Thylacosmilus lived in South America 9 million years ago and was a saber-toothed metatherian. What is a metatherian? Metatherians largely comprise of marsupials but also include extinct relatives of marsupials, such as Thylacosmilus. They looked similar to saber-toothed tigers of North America (Smilodon) but they weren’t cats. Thylacosmilus were sparassodonts, a group of marsupial or near-marsupial carnivores who evolved in South America. Similarities to Smilodon may be because they filled similar ecological niches in their respective habitats.
Fossil remains of Thylacosmilus come largely from Argentina. The first was discovered in 1926 by the expedition led by Marshall Field for the Field Museum of Natural History in Chicago. The specimen was identified as a marsupial at that point but it wasn’t until 1933 when the species would be named by Elmer Riggs.
We can see from skull specimens that the saber teeth of Thylacosmilus were more advanced than those of Smilodon or other sparassodonts. Their teeth were more firmly anchored in their skulls. They wouldn’t be likely to break while attacking prey. They also replaced the incisors. Smilodon still had incisors, even though they might not have been used as much as other animals would. Thylacosmilus eliminated them altogether, along with the grinding molar teeth. The smaller lower canines made the saber teeth self-sharpening, as the two sets of teeth grate against one another. They further had very strong neck muscles and vertebrae, which meant that they would be able to put more force behind any attacks with the saber teeth than others.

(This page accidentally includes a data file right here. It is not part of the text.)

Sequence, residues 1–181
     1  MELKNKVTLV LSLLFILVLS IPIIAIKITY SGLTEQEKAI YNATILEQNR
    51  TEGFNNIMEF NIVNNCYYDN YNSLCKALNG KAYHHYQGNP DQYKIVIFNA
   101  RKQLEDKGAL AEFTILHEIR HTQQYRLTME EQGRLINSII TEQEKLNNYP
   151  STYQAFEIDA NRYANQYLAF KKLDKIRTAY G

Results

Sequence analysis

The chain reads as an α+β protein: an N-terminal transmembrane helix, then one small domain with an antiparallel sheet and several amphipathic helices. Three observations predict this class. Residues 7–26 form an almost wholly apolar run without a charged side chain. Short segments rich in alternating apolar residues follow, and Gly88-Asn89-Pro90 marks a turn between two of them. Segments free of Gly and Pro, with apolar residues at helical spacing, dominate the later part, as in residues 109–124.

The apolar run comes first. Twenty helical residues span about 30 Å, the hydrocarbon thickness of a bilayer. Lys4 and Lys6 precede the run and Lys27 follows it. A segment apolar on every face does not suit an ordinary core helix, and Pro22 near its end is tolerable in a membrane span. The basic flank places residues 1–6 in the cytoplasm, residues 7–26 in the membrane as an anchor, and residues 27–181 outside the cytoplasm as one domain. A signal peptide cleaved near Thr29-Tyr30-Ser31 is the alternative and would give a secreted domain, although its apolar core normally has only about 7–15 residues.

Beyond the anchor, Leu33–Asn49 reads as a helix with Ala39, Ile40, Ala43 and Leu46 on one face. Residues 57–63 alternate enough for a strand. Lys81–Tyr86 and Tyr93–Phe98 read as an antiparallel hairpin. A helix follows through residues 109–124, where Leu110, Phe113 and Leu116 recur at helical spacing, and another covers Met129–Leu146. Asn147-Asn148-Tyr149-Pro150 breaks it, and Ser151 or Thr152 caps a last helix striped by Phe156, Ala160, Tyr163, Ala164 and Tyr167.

But we know more about this animal than just their teeth. Thylacosmilus had a short tibia and plantigrade feet (meaning that like us, they walked on the whole of their foot rather than their toes, which is digigrade). This all tells us that they were not runners and so probably relied on stalking rather than chasing. Based on the alignment of the hips, scientists believe that they might have been able to stand on their hind legs to attack. They did not have retractable claws.
From weighing bones such as the tibia and ulna, scientists have proportionally estimated the weight of Thylacosmilus to be about 200 to 250 pounds, with one outlying estimate being a little over 300 pounds. This could mean that they were roughly the size of a modern-day jaguar, making them one of the largest known metatherians.
The climate of Argentina during the lifetime of Thylacosmilus was a savanna-like grassland with sparse wooded areas. Many think that they were likely to have stuck to the trees to avoid competition with larger carnivores. Competition may also be why they went extinct. It has long been thought that competition from North America was the reason for their extinction, although recently it has been more commonly suggested that competition endemic to South America was the reason.
I hope you found this interesting. If you have a question or request, please leave that in the comments down below. We post a new blog every Tuesday and Friday so thank you for reading and, until next time, goodbye!
This post contains affiliate links for which we earn a referral. Thank you for your support.